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Reading Group Summary: November 2nd, 2020

Article Discussed: Clua, E., & Guiart, J. (2020). Why the Kanak Don’t Fear Sharks: Myths as a Coherent but Dangerous Mirror of Nature. Oceania, 90(2), 151-166.

Lucas Watt

This article by Clua and Guiart (2020) allowed the group to discuss how local myths have an enduring relevance in contemporary Oceania. This article particularly focuses on how myths and perceptions of sharks continue to affect how local populations approach social relationships and their surrounding environment.

Clua and Guiart (2020) argue that sharks have been sensationalized as killing machines in western discourse. They argue that the dangerous nature of the shark has largely been propagated in fiction, most notably in media such as Peter Benchley’s 1974 novel and subsequent film adaptation, Jaws. Through media such as this, this view of the dangerous shark has since been etched into western imagination. In contrast, Oceanic people do not hold the same sensationalized view of the shark as they are embedded in a much different social discourse in Oceanic communities.

For some Oceanic communities, the shark is a totemic animal that offers protection, guidance, and power. Sharks are often said to assist in fishing activities for those communities that hold them as a totemic animal. Many myths concerning Oceanic migration also involve sharks transporting travelers in their belly, or upon their back, to other distant islands. The reading group theorized whether the use of the shark in migration myth is used as a way of explaining the death or disappearance of a family member within a cosmological framework. It was also suggested that such migration myths could also be used to create historical social relationships with communities that the traveler supposedly arrived at.

Oceanic people still recognize the potential danger that sharks pose; however, shark attacks are typically explained within broader social and moral processes. Sharks are often seen as “righters of wrongs” when certain individuals or groups violate certain moral norms such as fishing taboos. In such cases the dangers of nature are highly embedded within social process and custom. This integration of society and nature is much different to the prevailing western perspective that sees these two realms as separate and dichotomous.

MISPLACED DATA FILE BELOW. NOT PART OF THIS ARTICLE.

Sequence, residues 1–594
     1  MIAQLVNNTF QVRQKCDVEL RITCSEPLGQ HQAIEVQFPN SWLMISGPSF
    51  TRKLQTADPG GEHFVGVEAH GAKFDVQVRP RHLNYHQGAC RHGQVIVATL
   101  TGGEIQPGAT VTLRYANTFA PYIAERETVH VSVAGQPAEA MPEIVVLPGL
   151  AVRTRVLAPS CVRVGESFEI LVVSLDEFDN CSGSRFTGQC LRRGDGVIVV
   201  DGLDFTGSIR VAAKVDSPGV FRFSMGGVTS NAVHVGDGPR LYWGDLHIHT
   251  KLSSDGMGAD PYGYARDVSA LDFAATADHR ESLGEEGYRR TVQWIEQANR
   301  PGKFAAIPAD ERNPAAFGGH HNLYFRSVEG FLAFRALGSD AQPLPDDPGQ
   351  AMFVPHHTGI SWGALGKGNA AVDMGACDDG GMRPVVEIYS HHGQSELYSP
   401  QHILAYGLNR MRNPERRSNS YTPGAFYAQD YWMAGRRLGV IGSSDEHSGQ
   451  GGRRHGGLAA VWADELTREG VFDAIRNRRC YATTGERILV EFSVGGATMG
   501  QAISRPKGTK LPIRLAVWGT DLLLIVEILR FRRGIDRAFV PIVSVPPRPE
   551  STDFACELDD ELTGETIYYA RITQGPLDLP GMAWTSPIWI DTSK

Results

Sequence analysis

Clua and Guiart (2020) start to argue that these differing perceptions of sharks explains differences in policy in response to shark attacks. Western policy typically advocates for the culling of shark numbers after shark attacks to protect society. Local populations rationalize attacks within local sociality and morality, and therefore do not set out to solve the issue of shark attacks with retaliatory culling.

Author

  • I am a Post-Doctoral researcher on the ERC-funded TransOcean Project at the Chr. Michelsen Institute (CMI), Norway. My portion of the project sets out to analyze maritime mobilities, exchange, and conservation, in the increasingly securitised region of Oceania. I graduated with a PhD from the School of Media and Communications at the Royal Melbourne Institute of Technology (RMIT) University. My ethnographic fieldwork in Suva Fiji analyses how rural-urban migrants living in “informal settlements” articulate tradition in urban spaces.

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I am a Post-Doctoral researcher on the ERC-funded TransOcean Project at the Chr. Michelsen Institute (CMI), Norway. My portion of the project sets out to analyze maritime mobilities, exchange, and conservation, in the increasingly securitised region of Oceania. I graduated with a PhD from the School of Media and Communications at the Royal Melbourne Institute of Technology (RMIT) University. My ethnographic fieldwork in Suva Fiji analyses how rural-urban migrants living in “informal settlements” articulate tradition in urban spaces.

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